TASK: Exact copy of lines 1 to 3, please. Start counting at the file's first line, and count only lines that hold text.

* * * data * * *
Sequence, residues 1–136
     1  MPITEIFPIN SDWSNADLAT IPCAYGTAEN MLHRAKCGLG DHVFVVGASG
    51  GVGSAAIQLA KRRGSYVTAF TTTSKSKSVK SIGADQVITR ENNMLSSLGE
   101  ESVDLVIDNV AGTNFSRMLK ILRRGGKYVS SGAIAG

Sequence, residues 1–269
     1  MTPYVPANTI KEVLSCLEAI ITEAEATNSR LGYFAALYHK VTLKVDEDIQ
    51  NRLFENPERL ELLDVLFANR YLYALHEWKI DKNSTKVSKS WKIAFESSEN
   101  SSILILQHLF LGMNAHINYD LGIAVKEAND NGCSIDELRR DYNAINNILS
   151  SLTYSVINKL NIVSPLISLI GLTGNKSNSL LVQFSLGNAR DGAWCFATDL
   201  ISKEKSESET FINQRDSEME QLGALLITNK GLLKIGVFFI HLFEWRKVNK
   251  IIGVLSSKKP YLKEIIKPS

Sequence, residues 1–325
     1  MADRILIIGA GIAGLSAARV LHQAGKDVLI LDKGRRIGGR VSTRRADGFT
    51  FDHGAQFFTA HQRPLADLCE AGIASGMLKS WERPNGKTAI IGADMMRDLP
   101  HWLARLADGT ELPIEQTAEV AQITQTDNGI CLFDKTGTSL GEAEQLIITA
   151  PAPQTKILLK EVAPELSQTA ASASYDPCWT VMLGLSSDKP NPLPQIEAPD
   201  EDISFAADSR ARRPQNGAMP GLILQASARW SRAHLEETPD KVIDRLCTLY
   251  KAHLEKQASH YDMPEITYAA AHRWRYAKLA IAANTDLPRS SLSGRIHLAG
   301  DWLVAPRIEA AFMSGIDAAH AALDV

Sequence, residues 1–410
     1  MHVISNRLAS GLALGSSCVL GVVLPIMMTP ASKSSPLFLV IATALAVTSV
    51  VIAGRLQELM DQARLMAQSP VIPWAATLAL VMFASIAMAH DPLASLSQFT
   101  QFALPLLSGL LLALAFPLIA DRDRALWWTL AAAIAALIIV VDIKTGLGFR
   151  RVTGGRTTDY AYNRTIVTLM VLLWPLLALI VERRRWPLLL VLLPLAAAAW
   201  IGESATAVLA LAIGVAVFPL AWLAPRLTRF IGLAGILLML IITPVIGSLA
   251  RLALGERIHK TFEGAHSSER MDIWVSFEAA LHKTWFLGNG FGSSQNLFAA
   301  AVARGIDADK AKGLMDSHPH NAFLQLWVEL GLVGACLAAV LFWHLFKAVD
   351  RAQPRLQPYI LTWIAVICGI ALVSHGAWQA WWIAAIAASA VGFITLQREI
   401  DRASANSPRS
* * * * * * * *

Sequence, residues 1–136
     1  MPITEIFPIN SDWSNADLAT IPCAYGTAEN MLHRAKCGLG DHVFVVGASG
    51  GVGSAAIQLA KRRGSYVTAF TTTSKSKSVK SIGADQVITR ENNMLSSLGE